Limited edition electronic equipment does not make quite as much sense as a piece of finally crafted none electronic equipment, often I feel some of the limited editions devalues the company. Over the last few years many photographers feel that Leica moved away from real photographers. The company ignored digital with the exception of the re-badaged Panasonic compact cameras, and kept releasing ever so strange and odd limited edition film M series cameras. Well at least it kept the company afloat, and now with the release of the Leica M (digital M 240) and the Leica S medium format SLR’s, they have not only embraced digital but have produced two stunning lines of cameras that are attracting professionals back to the fold.
For my medium format use, I use the excellent Hasselblad V series. This modular camera system has been the main stay of many professional wedding and studio photographers. You can either shoot film or digital, just chose a suitable back module. For a while now Hasselblad having been pushing their newer H series system but some of the changes to try and lock photographers into upgrade paths have made some switch back to their trusty V series or with the ever increasing megapixel race in SLR’s, people have switched to full frame digital SLR’s like the Canon 1D series and the Nikon D3x and D800e. Some even went to the Leica M9 with its full frame CCD sensor giving a similar feel to medium format.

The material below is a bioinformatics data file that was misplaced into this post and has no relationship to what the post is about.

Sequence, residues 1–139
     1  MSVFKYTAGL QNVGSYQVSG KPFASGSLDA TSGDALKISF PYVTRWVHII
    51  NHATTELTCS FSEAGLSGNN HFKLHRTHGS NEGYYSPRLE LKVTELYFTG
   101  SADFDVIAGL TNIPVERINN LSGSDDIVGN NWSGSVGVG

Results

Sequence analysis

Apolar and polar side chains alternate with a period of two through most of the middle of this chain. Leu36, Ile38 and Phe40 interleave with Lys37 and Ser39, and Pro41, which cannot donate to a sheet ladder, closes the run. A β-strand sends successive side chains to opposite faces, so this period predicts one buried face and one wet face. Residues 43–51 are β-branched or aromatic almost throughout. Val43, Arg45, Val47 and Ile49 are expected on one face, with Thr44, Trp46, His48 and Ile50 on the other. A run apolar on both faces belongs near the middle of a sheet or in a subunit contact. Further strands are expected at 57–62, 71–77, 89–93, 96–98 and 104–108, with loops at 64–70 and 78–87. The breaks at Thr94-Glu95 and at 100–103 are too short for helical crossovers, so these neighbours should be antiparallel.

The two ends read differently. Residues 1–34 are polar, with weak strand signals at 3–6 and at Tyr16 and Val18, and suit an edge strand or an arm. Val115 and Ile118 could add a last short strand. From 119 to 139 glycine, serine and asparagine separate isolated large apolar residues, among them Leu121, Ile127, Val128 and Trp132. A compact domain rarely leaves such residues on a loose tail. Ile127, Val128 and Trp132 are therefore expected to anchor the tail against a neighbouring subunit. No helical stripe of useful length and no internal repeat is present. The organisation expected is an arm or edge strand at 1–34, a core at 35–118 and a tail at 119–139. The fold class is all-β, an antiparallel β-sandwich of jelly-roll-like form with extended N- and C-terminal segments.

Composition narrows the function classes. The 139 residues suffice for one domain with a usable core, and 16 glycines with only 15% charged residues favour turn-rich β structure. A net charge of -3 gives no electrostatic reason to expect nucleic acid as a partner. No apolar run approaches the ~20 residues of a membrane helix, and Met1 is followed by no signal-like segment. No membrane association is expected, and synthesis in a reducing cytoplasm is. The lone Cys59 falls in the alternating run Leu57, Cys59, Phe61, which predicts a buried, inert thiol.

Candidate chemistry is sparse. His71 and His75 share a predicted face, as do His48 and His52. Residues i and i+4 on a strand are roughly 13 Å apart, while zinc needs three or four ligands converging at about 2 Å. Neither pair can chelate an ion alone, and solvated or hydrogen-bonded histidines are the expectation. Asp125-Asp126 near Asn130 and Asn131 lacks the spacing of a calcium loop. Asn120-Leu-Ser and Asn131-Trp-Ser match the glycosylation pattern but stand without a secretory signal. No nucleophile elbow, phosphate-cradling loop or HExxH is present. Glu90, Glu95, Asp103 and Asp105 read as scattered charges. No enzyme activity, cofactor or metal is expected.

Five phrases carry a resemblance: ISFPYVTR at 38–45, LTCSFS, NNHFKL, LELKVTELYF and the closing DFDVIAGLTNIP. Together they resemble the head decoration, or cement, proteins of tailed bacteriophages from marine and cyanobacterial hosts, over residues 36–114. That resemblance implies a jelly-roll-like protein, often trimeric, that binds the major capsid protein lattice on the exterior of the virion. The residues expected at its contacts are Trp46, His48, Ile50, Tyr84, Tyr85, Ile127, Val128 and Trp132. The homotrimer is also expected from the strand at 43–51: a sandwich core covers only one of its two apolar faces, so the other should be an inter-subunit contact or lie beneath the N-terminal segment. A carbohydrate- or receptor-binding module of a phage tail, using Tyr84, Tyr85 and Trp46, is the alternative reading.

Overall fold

Now though it feels that Hasselblad are moving away from the needs of real photographers. With the release of the Ferrari Red Hasselblad H and now the rebadged Sony NEX-7 people feel that Hasselblad have lost there way. They have now announced the discontinuation of the V series. Well at least that in a way is good news for me, its driven down the cost of Hasselblad lens so I can buy some more, and its proving good news for Leica, Canon, Nikon and PhaseOne to sell there highend offerings.